As Americans ramp up shopping in the waning days of the coronavirus pandemic, they may be in for a rude surprise: The goods they covet are nowhere to be found or have become more expensive.
In many cases, empty shelves and higher prices are the result of a shortage of semiconductor chips. In fact, the situation has grown so dire that The New York Times recently dubbed the microchips “the new toilet paper,” referencing the shortage of TP during the early days of the pandemic.
Without semiconductor chips, some of our favorite products are going AWOL or going up in price. Following are items that are in short supply or more expensive — or both — due to the chip shortage.
As the pandemic forced us to stay home, the demand for TVs jumped. The microchip shortage has made it more difficult to manufacture new televisions, leading to a price increase of around 30% for larger TVs since last summer, Wired reports.
As Paul Gagnon, senior research director for consumer devices at analyst firm Omdia, tells Wired:
“Anything that has a screen built into it is going to be affected by these price increases.”
2. New and used cars
The shortage of microchips is making it tough to find a new car. Inventory is down 48% year over year, and trucks and SUVs are especially scarce, The Associated Press reports. That in turn has raised demand for used vehicles.
The paucity of vehicles has resulted in price increases. Edmunds reports that the percentage of shoppers paying above the sticker price rose from 8.1% in April 2020 to 12.7% in April of this year.
The same semiconductor shortage that is keeping cars out of dealer lots also is preventing the manufacture of new ambulances.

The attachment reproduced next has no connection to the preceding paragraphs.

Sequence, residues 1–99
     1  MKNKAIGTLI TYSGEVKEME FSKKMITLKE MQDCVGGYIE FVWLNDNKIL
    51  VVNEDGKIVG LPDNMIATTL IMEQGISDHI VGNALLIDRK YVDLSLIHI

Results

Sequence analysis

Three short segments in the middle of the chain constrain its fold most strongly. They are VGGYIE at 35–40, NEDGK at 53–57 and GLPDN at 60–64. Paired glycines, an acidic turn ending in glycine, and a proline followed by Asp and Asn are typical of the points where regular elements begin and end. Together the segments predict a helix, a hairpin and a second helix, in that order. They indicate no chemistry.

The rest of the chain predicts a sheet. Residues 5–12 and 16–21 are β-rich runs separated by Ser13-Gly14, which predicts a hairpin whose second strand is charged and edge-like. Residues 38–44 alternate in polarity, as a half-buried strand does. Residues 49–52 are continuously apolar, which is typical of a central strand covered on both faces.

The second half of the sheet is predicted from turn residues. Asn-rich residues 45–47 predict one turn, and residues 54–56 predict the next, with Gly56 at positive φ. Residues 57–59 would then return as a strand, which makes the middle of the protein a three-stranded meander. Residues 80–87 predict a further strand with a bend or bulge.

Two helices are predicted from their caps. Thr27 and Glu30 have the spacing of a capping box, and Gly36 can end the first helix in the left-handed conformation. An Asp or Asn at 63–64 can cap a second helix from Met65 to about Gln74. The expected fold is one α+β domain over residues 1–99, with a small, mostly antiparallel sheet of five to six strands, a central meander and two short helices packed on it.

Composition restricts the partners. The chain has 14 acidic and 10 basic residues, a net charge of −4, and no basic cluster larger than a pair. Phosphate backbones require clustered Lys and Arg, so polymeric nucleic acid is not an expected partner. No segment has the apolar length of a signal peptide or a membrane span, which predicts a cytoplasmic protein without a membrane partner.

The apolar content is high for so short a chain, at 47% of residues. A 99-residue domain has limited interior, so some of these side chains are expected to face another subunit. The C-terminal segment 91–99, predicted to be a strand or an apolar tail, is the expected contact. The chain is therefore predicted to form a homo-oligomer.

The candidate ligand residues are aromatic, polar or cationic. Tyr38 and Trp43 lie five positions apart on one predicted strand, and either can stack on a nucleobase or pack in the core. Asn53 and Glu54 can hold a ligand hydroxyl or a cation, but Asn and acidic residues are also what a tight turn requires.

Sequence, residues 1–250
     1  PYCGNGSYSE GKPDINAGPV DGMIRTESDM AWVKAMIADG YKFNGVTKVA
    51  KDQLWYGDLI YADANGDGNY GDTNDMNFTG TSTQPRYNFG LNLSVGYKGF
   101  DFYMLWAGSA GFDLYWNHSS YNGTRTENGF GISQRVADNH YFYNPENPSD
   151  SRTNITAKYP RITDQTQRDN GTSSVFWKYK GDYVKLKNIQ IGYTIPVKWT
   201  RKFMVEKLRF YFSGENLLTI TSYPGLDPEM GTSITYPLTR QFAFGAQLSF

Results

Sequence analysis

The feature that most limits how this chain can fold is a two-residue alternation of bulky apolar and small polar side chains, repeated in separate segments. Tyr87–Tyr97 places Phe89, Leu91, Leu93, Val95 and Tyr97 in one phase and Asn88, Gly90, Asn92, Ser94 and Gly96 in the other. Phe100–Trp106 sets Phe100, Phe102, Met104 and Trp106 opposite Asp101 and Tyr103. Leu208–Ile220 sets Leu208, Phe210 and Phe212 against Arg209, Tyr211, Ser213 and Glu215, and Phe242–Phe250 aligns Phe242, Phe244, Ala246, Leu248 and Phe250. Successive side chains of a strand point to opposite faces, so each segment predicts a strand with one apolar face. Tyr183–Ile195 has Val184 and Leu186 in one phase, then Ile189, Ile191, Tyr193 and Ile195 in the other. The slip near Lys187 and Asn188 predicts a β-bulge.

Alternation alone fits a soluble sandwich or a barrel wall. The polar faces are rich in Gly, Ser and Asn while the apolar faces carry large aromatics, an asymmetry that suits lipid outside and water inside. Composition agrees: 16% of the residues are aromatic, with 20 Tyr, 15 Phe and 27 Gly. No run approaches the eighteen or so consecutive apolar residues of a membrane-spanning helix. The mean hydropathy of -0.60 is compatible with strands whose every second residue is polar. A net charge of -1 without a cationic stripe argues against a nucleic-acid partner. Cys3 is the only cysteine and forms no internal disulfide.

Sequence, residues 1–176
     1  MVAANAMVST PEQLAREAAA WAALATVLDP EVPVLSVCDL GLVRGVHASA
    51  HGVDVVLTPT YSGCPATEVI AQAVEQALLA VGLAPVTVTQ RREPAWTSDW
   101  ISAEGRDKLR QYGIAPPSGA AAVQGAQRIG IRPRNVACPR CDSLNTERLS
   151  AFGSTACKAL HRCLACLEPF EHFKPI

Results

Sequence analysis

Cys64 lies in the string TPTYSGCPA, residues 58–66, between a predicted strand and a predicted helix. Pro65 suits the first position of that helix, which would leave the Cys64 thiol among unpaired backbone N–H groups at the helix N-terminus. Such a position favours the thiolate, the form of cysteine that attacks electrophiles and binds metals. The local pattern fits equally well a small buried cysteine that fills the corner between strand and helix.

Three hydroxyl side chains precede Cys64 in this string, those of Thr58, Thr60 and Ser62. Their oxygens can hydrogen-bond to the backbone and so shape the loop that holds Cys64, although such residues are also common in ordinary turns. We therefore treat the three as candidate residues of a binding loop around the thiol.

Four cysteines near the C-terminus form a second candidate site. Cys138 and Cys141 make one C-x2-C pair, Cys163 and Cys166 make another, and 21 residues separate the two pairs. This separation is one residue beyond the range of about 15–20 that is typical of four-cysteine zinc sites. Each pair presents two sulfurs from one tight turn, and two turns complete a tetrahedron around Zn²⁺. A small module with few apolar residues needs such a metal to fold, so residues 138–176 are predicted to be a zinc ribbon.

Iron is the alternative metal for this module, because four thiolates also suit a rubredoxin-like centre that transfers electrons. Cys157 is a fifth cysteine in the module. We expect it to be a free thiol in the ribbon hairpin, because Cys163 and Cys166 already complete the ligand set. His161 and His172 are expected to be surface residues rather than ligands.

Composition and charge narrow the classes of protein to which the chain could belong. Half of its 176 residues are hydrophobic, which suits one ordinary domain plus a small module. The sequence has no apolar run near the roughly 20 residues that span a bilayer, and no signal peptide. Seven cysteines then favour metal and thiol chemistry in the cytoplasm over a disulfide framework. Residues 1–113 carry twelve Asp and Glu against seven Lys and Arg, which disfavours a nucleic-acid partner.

For many weeks, Ford Motor Co. — which makes about 70% of the ambulance chassis used in the U.S. — has shut down production of the chassis at various plants, the American Ambulance Association reports. Ford is projecting a production loss of more than 1.1 million units this year.
4. Rental cars
Thanks to the waning pandemic, AAA projects that the number of people who travel at least 50 miles over Memorial Day weekend will jump 60% year over year. Unfortunately, the fleet of rental cars in the U.S. is not keeping up.
As we have reported, rental car companies sold off much of their fleet when demand tanked thanks to COVID-19. Now, those same companies are having a hard time finding replacement vehicles thanks to the chip shortage. As a result, rental car rates are soaring.
5. Gaming consoles
Love to play video games? This may be the time to find out if you can live with board games instead.
6. Cameras and video doorbells
Cameras, video doorbells and other similar products are rising in price due to the chip shortage.
For example, Wyze recently hiked prices on some of its products, including Wyze Cam v3. In a press release, the company noted that the rising cost of chips and other materials is putting pressure on its bottom line.
As a result, Wyze expects prices to be volatile “for the foreseeable future as we try to keep up with fluctuating costs in the post-pandemic world.”
7. Dog-washing booths
The chip shortage is making itself felt in some strange places. Case in point: Pity poor Fido, who is likely to have trouble simply getting a decent bath these days.
CCSI International — which makes electronic dog-washing booths favored by dog-park managers and members of the military — tells The Washington Post that the chip shortage is raising its costs and and has forced the company to use a new type of chip that is causing delays.
From fridges to microwave ovens, the semiconductor chip shortage is leaving home appliance makers in “unplugged” mode.
Whirlpool Corp. reports that chip deliveries fell short of its orders by about 10% in March, according to Reuters. Other appliance manufacturers are also feeling the squeeze, leading to a shortage of available microwaves, refrigerators, washing machines and more.
When you think of microchips, computers are probably among the first things to come to mind. So, it is likely no surprise that the chip shortage is being felt in the world of computing.
Apple recently reported that the chip shortage was slowing production of iPads and Mac computers, according to The Washington Post.
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